Bill Emmott, a distinguished author and former editor of The Economist, has reviewed Aftershock in Survival, the magazine of The International Institute for Strategic Studies (IISS).
Many of the books about the economic crisis have been descriptions of the dramatic events at Lehman Brothers, say, or of what it was like to be the US treasury secretary at the time of the crash; others have consisted mainly of recriminations about the folly of the capitalist system and open global markets, or of how macroeconomic policy was mismanaged. Rarer have been books that take a constructive approach, proposing an agenda for how things could be improved in the future. Philippe Legrain’s is one of these rare few.
He supports my proposal for a land tax:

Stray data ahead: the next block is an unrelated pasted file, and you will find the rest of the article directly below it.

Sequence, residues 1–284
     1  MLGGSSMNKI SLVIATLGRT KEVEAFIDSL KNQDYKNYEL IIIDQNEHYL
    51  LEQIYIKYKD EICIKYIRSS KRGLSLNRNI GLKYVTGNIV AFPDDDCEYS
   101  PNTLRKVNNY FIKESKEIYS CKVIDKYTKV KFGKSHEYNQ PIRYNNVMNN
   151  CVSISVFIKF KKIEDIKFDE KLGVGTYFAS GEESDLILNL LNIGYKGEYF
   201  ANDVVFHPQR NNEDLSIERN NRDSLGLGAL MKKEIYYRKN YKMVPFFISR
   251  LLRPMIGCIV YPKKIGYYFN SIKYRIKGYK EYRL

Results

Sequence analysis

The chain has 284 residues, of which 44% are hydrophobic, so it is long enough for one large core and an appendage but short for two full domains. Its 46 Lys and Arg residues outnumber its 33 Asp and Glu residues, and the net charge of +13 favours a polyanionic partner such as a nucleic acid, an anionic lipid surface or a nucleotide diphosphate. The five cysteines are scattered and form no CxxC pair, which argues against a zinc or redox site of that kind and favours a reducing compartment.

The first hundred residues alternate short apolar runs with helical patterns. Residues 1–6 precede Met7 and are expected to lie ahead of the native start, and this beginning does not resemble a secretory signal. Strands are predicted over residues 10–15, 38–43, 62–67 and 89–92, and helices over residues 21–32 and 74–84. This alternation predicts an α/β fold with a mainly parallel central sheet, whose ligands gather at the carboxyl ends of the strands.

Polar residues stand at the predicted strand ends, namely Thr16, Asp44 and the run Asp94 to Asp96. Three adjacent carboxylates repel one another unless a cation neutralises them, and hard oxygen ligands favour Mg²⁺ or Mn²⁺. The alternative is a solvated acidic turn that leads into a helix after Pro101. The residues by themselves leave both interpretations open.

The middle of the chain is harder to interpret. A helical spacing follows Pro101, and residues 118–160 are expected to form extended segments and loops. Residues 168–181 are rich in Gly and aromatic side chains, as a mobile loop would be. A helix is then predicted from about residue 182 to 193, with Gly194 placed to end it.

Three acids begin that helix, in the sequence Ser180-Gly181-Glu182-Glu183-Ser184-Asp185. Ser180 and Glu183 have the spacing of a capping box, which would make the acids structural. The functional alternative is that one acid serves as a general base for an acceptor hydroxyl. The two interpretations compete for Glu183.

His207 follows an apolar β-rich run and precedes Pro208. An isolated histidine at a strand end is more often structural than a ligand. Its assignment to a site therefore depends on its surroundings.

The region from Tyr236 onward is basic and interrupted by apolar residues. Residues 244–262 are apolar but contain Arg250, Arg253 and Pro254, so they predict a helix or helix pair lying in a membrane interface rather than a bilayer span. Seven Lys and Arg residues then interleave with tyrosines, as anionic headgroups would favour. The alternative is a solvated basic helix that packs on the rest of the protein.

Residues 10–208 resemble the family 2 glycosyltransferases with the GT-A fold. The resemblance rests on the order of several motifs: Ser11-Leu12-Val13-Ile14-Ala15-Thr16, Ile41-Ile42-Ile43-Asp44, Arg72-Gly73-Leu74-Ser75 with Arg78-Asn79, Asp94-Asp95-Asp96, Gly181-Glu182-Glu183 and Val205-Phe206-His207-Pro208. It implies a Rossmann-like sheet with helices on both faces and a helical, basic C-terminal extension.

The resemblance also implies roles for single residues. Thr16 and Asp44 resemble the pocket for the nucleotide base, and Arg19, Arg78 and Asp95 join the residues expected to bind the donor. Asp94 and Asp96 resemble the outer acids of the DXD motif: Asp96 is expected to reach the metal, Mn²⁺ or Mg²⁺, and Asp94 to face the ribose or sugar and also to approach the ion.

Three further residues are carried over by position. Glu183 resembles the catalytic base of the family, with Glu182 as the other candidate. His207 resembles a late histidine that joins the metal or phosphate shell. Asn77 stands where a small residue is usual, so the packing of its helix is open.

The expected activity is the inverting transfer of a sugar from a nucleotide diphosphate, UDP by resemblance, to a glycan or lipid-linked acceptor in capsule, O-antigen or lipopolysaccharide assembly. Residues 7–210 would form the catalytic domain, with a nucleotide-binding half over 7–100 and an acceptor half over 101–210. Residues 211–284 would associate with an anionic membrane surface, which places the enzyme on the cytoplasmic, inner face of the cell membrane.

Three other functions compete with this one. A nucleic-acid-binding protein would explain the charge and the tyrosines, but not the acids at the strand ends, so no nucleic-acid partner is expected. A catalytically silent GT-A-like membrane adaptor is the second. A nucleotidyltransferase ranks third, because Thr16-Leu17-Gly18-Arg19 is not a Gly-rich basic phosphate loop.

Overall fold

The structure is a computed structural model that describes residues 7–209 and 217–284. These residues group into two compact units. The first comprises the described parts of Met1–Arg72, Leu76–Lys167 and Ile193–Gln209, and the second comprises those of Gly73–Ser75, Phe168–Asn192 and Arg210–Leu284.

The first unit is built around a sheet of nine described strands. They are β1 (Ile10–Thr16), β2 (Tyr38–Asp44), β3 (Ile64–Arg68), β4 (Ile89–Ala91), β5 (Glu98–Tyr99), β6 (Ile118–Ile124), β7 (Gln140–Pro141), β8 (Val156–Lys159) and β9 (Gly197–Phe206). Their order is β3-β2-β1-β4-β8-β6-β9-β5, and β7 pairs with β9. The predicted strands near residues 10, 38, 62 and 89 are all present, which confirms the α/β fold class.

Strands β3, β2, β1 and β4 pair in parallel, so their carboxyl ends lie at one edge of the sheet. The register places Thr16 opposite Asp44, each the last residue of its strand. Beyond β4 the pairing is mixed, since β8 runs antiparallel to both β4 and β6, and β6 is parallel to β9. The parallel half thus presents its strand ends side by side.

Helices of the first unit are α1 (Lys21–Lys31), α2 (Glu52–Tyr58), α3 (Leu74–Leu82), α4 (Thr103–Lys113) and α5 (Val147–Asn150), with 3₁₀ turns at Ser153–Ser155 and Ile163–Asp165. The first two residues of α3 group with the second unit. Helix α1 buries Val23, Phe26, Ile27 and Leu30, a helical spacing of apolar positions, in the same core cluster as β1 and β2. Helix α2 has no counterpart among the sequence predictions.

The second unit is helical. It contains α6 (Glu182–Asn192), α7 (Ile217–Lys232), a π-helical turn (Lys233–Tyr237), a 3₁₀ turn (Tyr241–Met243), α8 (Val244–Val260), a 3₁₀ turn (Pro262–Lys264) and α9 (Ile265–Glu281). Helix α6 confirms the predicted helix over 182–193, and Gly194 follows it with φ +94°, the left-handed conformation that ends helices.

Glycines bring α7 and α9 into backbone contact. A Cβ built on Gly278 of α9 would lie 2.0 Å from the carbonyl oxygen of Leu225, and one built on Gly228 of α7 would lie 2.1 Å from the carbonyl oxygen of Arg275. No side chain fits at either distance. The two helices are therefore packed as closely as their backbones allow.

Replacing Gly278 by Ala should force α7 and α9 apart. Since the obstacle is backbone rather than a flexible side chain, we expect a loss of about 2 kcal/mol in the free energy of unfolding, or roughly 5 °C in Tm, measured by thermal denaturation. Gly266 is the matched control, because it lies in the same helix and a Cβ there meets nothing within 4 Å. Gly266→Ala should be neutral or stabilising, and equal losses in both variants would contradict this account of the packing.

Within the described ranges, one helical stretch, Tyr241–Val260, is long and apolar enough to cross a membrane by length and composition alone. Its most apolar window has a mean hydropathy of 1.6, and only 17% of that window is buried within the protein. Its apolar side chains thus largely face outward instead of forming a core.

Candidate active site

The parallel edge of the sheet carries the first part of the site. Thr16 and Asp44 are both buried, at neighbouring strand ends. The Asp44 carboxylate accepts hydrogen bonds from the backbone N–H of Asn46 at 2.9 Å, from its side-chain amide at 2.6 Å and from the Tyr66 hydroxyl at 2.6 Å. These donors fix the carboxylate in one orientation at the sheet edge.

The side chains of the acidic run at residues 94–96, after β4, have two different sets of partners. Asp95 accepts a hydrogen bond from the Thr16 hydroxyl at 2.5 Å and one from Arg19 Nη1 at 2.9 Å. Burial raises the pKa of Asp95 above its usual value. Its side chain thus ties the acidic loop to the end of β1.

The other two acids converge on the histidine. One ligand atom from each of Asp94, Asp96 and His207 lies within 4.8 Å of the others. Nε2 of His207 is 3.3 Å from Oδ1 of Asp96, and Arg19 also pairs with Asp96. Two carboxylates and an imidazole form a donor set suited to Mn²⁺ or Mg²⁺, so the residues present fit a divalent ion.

Legrain’s second proposal is less familiar and more radical: that governments desperate to reduce their budget deficits and get their debts under control should not raise taxes on income and employment, as many are wont to do, but rather on land values. This is an old idea, of which even Winston Churchill was fond, but one that has been too easily pushed aside by property-owning lobbies and, in the post-1945 era, by farmers. Unlike taxes on income and employment, land taxes do not deter hard work, and given that land is immobile, it cannot emigrate to Switzerland. The trick is to set a rate low enough to avoid mass land sales but high enough to generate sufficient revenue. Given that one of the main causes of this crisis has been excessive investment in property, in scores of countries, this ought surely to be an appealing idea.